Arguably one of the trickier narrative structures to get a handle on, Memento was Nolan’s calling card and led to The Dark Knight trilogy, The Prestige, Inception and Interstellar, all of which dealt with skewed timelines and perceptions of reality to one degree or another. Memento is in fact easier to get to grips with than an explanation of the structure might make it appear, with the story broken down into 10-ish minute segments that match the protagonist’s limited short-term memory capacity. Those segments are then played in reverse order, so that the last 10 minutes of the story are the first 10 minutes to be shown on screen. It results in the audience needing to remember what happened “afterwards” and frankly leaves us all with memory problems. Much like other twisty-turny stories, you can generally keep a handle on it while you’re watching, but much like Guy Pearce’s ill-fated protagonist, the longer you leave it, the harder it becomes to recall and explain what happened.
The Shining / 2001: A Space Odyssey
Stanley Kubrick has arguably given us two important “mangled narrative” features, though they could not be more dissimilar if they tried. Although The Shining has, for the most part, a very straightforward narrative structure, at the end we see a photo of a gathered party at The Overlook Hotel, from many decades before the film’s events, a grinning Jack Nicholson to one side. As the barman told him earlier – you’ve always been here.
By contrast, 2001 sees an astronaut pass through a star gate, before seeing himself at different ages. Much like the finale of Nolan’s Interstellar, we are clearly moving around in both time and space and (less like Interstellar) it is wholly open to interpretation what is going on.
It is more than just a question of time travel (otherwise Looper, BTTF, Star Trek et al would feature in this article) – the stories themselves are clearly to some degree folding in on themselves. The satisfaction in both cases is the opportunity to make your own assessment of what has happened and what it means – analysis and interpretation – which for all its pyrotechnics, Fast & Furious 6 is never going to give you.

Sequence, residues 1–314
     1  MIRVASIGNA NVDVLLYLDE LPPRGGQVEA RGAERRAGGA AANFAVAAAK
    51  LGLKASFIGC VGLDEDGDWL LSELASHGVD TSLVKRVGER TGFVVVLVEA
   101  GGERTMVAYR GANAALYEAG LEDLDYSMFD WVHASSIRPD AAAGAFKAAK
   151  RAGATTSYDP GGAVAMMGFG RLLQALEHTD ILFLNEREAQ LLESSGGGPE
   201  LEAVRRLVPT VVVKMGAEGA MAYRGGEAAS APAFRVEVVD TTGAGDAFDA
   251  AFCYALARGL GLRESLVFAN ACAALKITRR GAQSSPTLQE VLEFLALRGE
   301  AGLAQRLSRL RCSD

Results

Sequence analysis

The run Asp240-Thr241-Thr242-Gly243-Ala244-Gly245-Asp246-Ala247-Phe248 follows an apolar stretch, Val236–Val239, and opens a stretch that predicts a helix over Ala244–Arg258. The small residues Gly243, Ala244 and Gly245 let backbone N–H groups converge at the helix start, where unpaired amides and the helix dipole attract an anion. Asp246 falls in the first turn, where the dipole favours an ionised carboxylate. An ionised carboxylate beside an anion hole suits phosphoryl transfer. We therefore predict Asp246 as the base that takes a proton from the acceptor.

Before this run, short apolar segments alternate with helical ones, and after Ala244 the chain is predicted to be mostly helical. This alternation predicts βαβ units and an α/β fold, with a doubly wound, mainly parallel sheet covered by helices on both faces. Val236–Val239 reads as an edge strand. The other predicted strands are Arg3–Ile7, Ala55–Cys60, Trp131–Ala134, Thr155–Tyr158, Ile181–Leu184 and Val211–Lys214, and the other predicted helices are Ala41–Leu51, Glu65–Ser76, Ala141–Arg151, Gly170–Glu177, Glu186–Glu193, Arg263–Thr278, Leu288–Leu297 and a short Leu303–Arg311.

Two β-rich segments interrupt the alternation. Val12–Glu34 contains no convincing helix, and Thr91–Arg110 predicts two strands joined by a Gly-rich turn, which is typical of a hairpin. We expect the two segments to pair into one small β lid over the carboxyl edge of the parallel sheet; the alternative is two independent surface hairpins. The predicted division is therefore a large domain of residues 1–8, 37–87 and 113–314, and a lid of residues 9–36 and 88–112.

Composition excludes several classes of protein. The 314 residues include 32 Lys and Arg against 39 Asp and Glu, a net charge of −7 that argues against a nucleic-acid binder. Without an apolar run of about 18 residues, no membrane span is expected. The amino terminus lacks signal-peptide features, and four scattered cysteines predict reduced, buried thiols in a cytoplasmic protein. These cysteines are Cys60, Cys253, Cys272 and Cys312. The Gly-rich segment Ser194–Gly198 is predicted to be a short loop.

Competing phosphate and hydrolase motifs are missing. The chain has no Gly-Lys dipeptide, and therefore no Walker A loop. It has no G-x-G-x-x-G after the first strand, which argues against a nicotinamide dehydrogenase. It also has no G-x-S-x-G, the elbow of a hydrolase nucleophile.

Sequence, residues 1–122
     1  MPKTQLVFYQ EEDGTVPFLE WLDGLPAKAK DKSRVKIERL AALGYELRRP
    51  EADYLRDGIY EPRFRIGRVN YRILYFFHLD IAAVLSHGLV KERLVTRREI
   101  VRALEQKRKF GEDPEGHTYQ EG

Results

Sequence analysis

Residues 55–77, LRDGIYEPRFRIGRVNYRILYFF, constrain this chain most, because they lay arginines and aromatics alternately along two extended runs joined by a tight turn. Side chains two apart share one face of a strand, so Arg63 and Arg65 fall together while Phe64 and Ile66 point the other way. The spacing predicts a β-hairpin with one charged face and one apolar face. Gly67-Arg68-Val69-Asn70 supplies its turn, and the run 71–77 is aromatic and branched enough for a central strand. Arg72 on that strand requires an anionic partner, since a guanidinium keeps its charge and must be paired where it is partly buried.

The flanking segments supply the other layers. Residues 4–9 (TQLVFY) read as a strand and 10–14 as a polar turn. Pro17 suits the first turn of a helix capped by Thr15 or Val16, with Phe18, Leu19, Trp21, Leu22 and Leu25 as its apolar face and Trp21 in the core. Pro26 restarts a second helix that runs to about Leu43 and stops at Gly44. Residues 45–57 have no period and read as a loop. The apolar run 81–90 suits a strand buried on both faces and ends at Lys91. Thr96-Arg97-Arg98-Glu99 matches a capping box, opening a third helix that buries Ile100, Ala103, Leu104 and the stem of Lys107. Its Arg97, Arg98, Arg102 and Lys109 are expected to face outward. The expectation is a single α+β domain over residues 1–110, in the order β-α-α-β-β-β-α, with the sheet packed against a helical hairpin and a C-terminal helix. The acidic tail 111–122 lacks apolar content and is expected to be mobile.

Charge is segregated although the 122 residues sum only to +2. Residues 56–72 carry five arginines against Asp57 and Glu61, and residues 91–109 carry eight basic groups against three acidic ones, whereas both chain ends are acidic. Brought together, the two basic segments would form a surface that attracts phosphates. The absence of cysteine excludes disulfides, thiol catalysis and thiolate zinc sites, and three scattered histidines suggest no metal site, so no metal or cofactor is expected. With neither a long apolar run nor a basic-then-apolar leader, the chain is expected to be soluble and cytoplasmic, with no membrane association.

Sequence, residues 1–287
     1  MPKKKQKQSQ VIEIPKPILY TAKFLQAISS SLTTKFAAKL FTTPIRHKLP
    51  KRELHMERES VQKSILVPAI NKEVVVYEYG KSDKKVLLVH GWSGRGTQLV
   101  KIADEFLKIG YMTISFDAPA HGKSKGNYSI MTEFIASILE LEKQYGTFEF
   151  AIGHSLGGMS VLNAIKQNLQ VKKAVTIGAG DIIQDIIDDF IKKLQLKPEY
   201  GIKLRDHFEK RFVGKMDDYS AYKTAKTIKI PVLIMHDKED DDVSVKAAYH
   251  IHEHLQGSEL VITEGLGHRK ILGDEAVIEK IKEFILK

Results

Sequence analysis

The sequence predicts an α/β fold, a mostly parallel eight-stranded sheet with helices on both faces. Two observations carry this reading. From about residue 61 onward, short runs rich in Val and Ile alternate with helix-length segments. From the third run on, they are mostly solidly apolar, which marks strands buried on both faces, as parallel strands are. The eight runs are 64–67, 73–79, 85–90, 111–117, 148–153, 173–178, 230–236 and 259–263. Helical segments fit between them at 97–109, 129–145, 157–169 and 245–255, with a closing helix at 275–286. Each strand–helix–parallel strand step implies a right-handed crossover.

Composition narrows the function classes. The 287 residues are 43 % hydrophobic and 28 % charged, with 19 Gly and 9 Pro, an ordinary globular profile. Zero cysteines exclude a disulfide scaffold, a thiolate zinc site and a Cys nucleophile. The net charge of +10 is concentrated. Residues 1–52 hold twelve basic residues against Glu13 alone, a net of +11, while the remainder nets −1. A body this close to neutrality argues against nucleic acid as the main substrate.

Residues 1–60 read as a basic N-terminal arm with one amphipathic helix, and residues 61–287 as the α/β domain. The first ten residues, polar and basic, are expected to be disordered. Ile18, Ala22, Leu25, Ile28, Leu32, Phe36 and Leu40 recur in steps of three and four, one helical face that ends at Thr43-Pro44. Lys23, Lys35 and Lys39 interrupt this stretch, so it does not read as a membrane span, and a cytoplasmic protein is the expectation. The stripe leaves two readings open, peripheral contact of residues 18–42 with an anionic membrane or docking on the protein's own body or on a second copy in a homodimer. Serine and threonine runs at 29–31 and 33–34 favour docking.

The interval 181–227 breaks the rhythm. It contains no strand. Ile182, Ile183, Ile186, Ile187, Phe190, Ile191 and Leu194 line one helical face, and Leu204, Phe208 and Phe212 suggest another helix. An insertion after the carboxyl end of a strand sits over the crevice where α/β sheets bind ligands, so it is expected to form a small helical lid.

To put it mildly, this is not an easy watch, which somewhat undermines the argument that skewed narratives are enjoyable. Having said that, Irreversible manages to avoid the pitfall of being clever for the sake of showing off and instead uses a reversed chronology to cast events in a wholly different light and to rob an act of vengeance of any sense of catharsis and make it instead feel like an act of unprovoked brutality. Rather than see Monica Bellucci’s horrific ordeal first, then her boyfriend’s act of revenge, we instead watch a devastatingly violent assault by him, only seeing the reason for it at the end of the film, by which point the assault has become disconnected from its reason.
It is an undeniably bold move and as with the best films that deal with uncomfortable subject matter, avoids gratuitousness and instead causes us to consider what violence really is and whether it ever really serves a purpose. Not an easy tightrope to walk for what is ostensibly a rape-revenge film and could have in lesser hands been every bit as terrible as that reductive description often connotes.